In class, I constantly felt questioned over whether I had gotten there on my own merit or if I was an affirmative action student. I wasn’t quite sure myself either. I scored very well on the verbal language part of the Scholastic Aptitude Test and very poorly on the math portion. There were people in my class who had received these outrageous scores and I was like, “Why am I here?” As I look back on it now, I [realize] women in particular suffer from Imposter Syndrome. We are always trying to find reasons as to why we are less than.

This was during the end of the Vietnam War, the beginning of the women’s movement, and probably the end, or the middle, of the black power movement. Everyone was being alienated from authority in a thousand different ways. It wasn’t particular to me, but it felt like it at that time. I used to say that psychologically, it took me twenty years to recover from by Harvard education. It took me that long to put myself together again.

PN & PS: What pushed you towards journalism?

JC:  I wanted to be a journalist ever since I was in the eighth grade. I think part of it has to do with this whole story that was made up during my childhood. My mother didn’t want people to know that I was her biological daughter so she presented me as her adopted daughter. There was this whole story she had made up. I knew the truth, but I could never speak up about the truth.

When I was in eighth grade, a reporter from the Philadelphia Inquirer came to a school assembly. He said the newspaper would pay him to go anywhere in the world and ask people questions that were none of his business. I was like, “Sign me up!” I was always asking why, why and why? And nobody ever wanted to give me answers. I worked in high school for my town newspaper. Then in college I tried very hard to write for the school newspaper, but I got rejected four times, which all fit into the lack of confidence. I did find a secure spot at the local public television station and was able to start putting myself together there.

At one point, my mother told me that somebody in Hollywood was looking for a script girl. A script girl is the person who keeps track of what pages have been shot on a film. I got called up and they told me they had an entry level position for me if I was interested in the film industry. I had absolutely no interest in the film industry, because the film industry was all about make-believe and my entire life had already been all about make-believe. I had more interest in real life. That’s why I got into journalism.

PN & PS: Can you tell us more about an influential person in your life?

JC: Although I adored her, I never had a close relationship with my mother until I became an adult. I had all of these, sort of, “aunties”. All of these aunties were very important to me.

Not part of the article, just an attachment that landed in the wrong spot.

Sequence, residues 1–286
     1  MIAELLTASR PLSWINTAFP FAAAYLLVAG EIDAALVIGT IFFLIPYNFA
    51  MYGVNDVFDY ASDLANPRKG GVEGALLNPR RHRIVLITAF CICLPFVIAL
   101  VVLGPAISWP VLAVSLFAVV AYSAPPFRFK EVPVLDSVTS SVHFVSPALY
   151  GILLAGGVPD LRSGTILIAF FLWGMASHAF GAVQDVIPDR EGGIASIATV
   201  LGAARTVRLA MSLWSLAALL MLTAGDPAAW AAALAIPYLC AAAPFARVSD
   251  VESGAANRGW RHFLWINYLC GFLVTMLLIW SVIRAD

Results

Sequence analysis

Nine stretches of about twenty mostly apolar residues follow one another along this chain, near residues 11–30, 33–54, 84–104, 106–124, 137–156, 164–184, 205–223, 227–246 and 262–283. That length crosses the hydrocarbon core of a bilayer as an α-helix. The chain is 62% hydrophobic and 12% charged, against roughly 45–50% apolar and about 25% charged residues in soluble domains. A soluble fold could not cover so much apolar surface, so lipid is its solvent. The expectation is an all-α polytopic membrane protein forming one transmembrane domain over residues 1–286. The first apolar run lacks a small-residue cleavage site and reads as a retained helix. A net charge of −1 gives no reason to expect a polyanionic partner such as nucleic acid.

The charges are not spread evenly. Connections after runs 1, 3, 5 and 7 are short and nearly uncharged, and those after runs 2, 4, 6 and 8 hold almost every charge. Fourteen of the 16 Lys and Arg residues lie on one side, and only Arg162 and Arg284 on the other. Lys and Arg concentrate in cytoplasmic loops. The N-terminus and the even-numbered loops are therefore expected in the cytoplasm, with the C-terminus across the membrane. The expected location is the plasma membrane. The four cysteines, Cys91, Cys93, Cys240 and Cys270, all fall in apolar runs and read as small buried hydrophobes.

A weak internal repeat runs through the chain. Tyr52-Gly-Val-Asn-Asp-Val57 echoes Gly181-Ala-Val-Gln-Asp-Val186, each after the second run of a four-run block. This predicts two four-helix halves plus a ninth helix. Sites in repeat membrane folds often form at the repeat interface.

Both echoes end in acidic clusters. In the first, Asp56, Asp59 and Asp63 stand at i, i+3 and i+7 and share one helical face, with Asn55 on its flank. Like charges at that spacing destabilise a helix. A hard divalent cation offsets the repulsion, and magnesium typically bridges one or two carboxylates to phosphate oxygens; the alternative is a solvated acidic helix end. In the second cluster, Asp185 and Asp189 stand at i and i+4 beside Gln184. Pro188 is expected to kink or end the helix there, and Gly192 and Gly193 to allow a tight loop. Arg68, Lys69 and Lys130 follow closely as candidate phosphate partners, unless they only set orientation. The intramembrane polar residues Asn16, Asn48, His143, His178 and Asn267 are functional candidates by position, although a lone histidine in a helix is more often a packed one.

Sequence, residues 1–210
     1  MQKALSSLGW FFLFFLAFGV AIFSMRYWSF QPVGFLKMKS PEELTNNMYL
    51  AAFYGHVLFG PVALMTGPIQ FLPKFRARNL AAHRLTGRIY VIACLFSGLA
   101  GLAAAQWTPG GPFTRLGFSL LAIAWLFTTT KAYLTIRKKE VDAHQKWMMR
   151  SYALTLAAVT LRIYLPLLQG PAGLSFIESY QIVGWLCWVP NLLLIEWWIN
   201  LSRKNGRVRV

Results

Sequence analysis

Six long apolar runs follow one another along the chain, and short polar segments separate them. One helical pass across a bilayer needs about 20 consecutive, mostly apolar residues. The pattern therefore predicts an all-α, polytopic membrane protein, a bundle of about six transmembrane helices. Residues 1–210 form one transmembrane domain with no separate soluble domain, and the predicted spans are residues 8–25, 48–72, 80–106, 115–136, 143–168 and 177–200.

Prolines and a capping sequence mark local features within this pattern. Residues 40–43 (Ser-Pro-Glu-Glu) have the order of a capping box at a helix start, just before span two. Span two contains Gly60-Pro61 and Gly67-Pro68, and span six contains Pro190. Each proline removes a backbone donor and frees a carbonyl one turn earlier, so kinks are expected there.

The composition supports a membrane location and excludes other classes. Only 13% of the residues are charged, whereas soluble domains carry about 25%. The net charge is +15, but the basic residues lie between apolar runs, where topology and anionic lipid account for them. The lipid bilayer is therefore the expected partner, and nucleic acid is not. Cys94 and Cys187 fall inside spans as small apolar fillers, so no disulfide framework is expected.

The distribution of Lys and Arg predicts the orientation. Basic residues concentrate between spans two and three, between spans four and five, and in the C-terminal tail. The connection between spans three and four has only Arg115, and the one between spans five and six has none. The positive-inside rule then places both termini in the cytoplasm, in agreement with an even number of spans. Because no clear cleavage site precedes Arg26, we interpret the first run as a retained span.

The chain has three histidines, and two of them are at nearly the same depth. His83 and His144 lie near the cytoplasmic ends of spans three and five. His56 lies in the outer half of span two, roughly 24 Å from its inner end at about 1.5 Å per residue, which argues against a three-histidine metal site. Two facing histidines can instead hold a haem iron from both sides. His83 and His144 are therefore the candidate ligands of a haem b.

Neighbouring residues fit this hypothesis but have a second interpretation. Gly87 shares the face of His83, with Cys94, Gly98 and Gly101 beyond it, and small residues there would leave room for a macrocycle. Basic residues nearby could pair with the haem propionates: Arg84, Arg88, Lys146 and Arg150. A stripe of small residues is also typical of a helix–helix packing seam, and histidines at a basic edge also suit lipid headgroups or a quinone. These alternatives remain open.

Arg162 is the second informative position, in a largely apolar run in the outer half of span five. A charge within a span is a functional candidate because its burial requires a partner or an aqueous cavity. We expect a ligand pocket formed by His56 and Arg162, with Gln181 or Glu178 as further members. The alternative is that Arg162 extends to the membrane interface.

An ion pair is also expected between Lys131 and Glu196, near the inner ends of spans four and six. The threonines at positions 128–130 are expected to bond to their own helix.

As I went through school, there was really nobody at Harvard that I could ever point to, which is a sort of sad statement. I had professors that I liked – Patrick Moynihan was one of them. He came up with this theory about the black family and how it had been destroyed by slavery. It was very controversial theory, and not accurate; still, I really liked him as a professor. He was one of the few that actually explained things.

When I got out of school, I was working for a local community newspaper, The Bay State Banner, and I met a man named Luix Overbea, who was a reporter for the Christian Science Monitor. He connected me to an organization called the National Association of Black Journalists. They ended up teaching me how to become a journalist.

One of them in particular, Tom Johnson, took me under his wing and let me sit in while he was doing interviews. He talked to me about how to formulate a lead. They were very important in helping me figure out how to do journalism. Then Tom introduced me to Charlayne Hunter-Gault, who later became a correspondent to what is now the PBS NewsHour. She helped me get that job at the NewsHour. Charlayne became a very important person both in my career and my life. There were periods of time when my mother and I weren’t getting along. I would [then] be living with Charlayne. You sort of find people as you go along. Judy Crichton was very influential because I was able to talk through a lot of things with her. She produced the first Earth Day, she became one of the first female documentary producers at ABC news, then went to CBS news, and ultimately found PBS’ history program, “The American Experience.”

After I left Frontline, Judy sort of became a mentor. She gave me feedback on my book. She was my informal editor, and then I did the same for her. I was in my late forties, early fifties when I got offered a job at Colombia. I wasn’t sure at all if I wanted to get into the academy and she basically did an intervention and said, “Yes, you are going to go to the academy. You are going to do this. Do you have any idea how hard it is to make a living as a documentary filmmaker?”

PN & PS: How has the experience been like as a professor at Columbia? How long have you been teaching there?

JC: I have been there for fifteen years. I remember three or four years ago, a visiting professor from San Francisco State said her field was critical race theory. I was like, “What is critical race theory?” She looked at me and said, “Critical race theory is what you live every day.”  It’s hard – I’m the only black tenured professor. I’m one of four tenured women, out of twenty-two. Out of the 145 full-time faculties, there are maybe five teachers of color. And only three of us are full time. It’s challenging. You spend a lot of time if you’re a person of color in a white institution trying to figure out is this race or is this just incompetence and insensitivity. I spend a lot of time having conversations with myself. “Am I crazy? Or would this not have happened if I was white?” There have been three people of color that have come up for tenure since I have been tenured in 2006. None of them have been good enough. You look at that and think, what does a person have to do? Why does the bar always seem higher or different?